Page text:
In terms of care needs, almost all our sample (95.5%) had at least one health problem and therefore a need to access the healthcare system.

Taking into account the deteriorated state of health for the asylum seekers reported, we can suspect that policies restricting access to healthcare for this population generate additional costs for healthcare systems [3233].

The social and administrative status may have complicated the care pathway for people in need of care. For example, 1 in 4 pregnant women slept in public spaces. Also, 17 individuals were in the Dublin procedure and had one of the following conditions: HIV, hepatitis B or C. Their asylum application was not examined in France, but in the first European country where they applied for asylum or whose borders they crossed. Unless their type of procedure is reclassified, these people are supposed to be removed from France and taken to the European country in which the examination of their asylum application will take place.

The care pathways for these individuals are weakened by the risk of a disruption due to the remoteness of the territory. These disruptions in care could lead to serious consequences for their health as well as for others with the risk of transmission.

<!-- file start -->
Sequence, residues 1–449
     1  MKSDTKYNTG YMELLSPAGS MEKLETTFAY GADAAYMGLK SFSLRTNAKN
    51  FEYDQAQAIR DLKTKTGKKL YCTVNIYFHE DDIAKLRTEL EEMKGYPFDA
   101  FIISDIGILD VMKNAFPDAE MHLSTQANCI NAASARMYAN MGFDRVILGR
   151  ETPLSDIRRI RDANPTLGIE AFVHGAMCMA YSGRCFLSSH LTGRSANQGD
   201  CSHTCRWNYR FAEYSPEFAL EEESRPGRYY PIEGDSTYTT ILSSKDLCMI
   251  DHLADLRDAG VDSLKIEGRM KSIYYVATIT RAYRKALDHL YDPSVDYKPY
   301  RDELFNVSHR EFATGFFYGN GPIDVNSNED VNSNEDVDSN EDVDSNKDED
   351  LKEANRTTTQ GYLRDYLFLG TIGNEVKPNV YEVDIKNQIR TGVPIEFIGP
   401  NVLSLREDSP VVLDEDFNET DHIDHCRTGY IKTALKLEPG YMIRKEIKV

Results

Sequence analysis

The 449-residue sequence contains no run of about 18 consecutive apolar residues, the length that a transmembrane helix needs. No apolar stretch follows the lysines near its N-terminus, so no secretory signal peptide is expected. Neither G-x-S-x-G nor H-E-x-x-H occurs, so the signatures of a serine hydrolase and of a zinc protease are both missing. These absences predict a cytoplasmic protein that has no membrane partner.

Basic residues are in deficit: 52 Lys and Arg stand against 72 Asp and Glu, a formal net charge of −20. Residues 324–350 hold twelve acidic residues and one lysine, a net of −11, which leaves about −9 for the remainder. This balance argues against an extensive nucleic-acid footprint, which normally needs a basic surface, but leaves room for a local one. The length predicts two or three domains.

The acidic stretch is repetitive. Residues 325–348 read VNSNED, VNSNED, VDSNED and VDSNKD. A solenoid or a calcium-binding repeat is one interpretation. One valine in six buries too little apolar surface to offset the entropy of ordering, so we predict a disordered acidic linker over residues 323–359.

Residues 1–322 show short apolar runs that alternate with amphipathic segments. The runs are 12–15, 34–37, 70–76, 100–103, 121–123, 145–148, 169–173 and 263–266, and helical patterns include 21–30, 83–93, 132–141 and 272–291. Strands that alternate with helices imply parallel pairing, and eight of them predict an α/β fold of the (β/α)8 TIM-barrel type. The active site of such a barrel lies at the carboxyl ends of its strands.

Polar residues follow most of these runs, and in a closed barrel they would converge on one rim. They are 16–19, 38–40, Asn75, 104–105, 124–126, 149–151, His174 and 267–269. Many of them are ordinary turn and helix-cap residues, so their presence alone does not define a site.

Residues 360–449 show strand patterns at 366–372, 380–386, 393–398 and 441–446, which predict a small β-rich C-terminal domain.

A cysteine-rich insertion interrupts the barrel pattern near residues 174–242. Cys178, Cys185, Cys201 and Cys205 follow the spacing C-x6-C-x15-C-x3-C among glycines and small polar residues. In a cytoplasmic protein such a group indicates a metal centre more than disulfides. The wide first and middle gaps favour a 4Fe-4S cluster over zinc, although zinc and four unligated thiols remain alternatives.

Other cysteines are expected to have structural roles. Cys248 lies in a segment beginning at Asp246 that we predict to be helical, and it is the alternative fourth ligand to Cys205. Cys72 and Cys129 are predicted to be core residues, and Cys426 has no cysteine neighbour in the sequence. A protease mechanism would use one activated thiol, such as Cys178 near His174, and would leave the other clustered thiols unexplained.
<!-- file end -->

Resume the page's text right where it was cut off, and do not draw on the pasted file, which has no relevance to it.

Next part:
In our study, housing and administrative status have an impact on asylum seekers' health status. This link between post-migratory difficulties and mental disorder has already been described among Nigerian asylum seekers [34]. Thus, reducing the number of asylum seekers sleeping in public spaces could lead to a decrease in their mental disorders. These findings should be seen in the context of the high number of asylum seekers living in a public space in our study even though French law provides for access to accommodation for each of them [35,36,37]. This is due to a discrepancy between the number of places available in the French state accommodation scheme play and the total number of asylum seekers. Despite an annual increase of accommodation places in reception centers for asylum seekers [38], the parallel increase in the total number of new asylum seekers is biggest.